# Boards

## Is anyone on DiS a maths genius?

Then please help explain "ODDS RATIOS" to me.....I've googled like forever and am still no closer to understanding what the fuck they are about :(

- "We really wanted this album to be uplifting": DiS Meets
**Haiku Salut** **Orbital**-*Monsters Exist***Orbital**-*Monsters Exist*- The Mercury First Listen Review:
**Wolf Alice** - The Mercury First Listen Review:
**Sons Of Kemet** - The Mercury First Listen Review:
**Novelist** - The Mercury First Listen Review:
**Noel Gallagher's High Flying Birds** - The Mercury First Listen Review:
**Nadine Shah**

Then please help explain "ODDS RATIOS" to me.....I've googled like forever and am still no closer to understanding what the fuck they are about :(

## yeah, no idea what you're on about.

i know odds and i know ratios but i aint ever heard of odds ratios.

but seeing as other maths geeks will click on this, i need to know the different terms for the following situations:

a) when three balls are picked out of a possible twenty-six, the chance of predicting the balls is 1/26 x 1/25 x 1/24

b) but the chance of predicting the last three letters of a registration plate is 1/26 x 1/26 x 1/26.

so what are the terms for the calculation of each of those probabilities?

## the difference

is that in example (a), I presume that you are working with a closed finite set i.e. 26 numbered balls in a bag, and you are not replacing them. Therefore, when you take a ball out of the bag, you are not putting it back, and so the number of balls decreases, hence the calculation in (a)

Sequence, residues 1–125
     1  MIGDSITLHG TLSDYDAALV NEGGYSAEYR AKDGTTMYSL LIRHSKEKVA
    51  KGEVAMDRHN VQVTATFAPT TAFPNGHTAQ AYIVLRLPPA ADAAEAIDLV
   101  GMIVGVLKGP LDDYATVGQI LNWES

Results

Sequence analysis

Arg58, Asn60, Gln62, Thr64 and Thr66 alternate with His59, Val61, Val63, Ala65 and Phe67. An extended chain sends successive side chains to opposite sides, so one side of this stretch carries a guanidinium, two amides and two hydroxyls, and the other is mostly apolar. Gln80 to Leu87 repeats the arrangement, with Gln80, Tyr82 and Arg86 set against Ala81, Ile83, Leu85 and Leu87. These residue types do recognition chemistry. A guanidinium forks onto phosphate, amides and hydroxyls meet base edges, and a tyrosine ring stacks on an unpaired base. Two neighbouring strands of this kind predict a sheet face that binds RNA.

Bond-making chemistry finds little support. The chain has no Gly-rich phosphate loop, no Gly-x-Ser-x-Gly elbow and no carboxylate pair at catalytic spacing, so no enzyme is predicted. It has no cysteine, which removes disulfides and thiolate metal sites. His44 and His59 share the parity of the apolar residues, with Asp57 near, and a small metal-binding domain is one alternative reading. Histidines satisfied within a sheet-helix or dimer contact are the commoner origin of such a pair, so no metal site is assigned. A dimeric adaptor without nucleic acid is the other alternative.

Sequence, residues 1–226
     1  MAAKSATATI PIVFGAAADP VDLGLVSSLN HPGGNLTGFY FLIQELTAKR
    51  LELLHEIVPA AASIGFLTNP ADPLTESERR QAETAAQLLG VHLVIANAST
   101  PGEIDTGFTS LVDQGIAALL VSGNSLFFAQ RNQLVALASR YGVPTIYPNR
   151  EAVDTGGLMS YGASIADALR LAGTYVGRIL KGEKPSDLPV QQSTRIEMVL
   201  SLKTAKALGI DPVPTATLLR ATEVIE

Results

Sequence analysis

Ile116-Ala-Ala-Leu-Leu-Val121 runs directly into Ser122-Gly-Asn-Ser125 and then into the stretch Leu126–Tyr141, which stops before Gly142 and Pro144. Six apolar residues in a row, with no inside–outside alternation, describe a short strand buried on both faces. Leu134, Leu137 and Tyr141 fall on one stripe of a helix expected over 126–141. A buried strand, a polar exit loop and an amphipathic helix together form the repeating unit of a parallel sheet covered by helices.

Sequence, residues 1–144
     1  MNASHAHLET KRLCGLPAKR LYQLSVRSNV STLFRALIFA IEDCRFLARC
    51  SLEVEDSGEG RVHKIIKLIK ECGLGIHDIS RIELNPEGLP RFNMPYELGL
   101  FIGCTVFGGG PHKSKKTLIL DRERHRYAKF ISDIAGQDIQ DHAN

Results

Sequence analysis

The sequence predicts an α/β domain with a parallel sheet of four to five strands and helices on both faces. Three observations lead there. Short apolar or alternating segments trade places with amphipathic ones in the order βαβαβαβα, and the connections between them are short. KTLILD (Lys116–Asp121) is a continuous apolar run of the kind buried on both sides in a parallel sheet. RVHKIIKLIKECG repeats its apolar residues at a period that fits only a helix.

in (b), the letters can be next to each other, and repetition can occur, therefore the number of letters is always the same, hence calculation that you have.

hope that makes sense.

## .

A is known as Conditional Probablity. B is presumably Unconditional.

## odds ratios

are basically statistics to help you determine how sensitive a number of sets are compared to a variable that affects them both. That way, you can compare the two (or more) sets in relation to each other, using the common variable as the medium.

wiki's got a really good example that prob makes more sense than I do:

Suppose that in a sample of 100 men, 90 have drunk wine in the previous week, while in a sample of 100 women only 20 have drunk wine in the same period. The odds of a man drinking wine are 90 to 10, or 9:1, while the odds of a woman drinking wine are only 20 to 80, or 1:4 = 0.25:1. The odds ratio is thus 9/0.25, or 36, showing that men are much more likely to drink wine than women. Using the above formula for the calculation yields the same result:

The above example also shows how odds ratios are sometimes sensitive in stating relative positions: in this sample men are 90/20 = 4.5 times more likely to have drunk wine than women, but have 36 times the odds. The logarithm of the odds ratio, the difference of the logits of the probabilities, tempers this effect, and also makes the measure symmetric with respect to the ordering of groups. For example, using natural logarithms, an odds ratio of 36/1 maps to 3.584, and an odds ratio of 1/36 maps to ?3.584.

http://en.wikipedia.org/wiki/Odds_ratios